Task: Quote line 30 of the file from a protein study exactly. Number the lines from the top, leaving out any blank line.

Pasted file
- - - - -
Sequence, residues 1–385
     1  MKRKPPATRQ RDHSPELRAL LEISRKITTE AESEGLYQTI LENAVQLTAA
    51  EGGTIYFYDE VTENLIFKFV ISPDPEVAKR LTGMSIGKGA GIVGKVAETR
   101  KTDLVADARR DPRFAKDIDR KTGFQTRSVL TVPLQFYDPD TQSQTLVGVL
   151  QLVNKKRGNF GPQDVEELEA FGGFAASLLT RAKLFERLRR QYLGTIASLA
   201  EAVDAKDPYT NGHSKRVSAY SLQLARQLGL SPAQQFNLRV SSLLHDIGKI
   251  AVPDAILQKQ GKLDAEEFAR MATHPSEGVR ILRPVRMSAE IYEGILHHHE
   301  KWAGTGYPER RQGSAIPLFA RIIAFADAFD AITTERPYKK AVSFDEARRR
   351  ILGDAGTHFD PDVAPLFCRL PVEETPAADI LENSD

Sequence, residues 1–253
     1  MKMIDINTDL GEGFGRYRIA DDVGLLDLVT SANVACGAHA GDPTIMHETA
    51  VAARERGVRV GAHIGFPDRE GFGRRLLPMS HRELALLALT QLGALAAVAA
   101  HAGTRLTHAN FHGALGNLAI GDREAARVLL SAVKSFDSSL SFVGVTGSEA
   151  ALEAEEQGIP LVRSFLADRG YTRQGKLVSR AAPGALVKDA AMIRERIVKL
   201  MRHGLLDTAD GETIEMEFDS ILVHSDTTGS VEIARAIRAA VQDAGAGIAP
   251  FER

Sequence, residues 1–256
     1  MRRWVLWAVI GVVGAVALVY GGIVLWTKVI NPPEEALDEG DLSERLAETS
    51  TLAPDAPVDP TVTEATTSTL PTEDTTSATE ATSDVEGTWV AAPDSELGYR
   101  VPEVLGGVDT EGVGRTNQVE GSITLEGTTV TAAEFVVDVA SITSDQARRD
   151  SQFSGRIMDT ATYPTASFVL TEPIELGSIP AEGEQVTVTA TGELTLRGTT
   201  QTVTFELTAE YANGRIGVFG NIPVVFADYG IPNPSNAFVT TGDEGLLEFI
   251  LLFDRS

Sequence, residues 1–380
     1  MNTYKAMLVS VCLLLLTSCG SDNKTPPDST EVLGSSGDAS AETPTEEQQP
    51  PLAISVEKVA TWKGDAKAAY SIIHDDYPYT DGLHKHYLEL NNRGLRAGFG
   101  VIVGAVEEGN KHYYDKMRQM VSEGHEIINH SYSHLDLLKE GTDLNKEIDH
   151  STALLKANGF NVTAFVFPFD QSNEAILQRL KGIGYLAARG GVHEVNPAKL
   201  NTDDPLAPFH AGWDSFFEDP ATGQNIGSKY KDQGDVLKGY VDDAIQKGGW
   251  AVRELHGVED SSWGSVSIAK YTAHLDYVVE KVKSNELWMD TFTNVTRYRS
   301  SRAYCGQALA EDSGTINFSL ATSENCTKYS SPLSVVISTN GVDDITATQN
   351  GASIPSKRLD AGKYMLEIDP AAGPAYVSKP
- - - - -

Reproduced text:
   251  AVRELHGVED SSWGSVSIAK YTAHLDYVVE KVKSNELWMD TFTNVTRYRS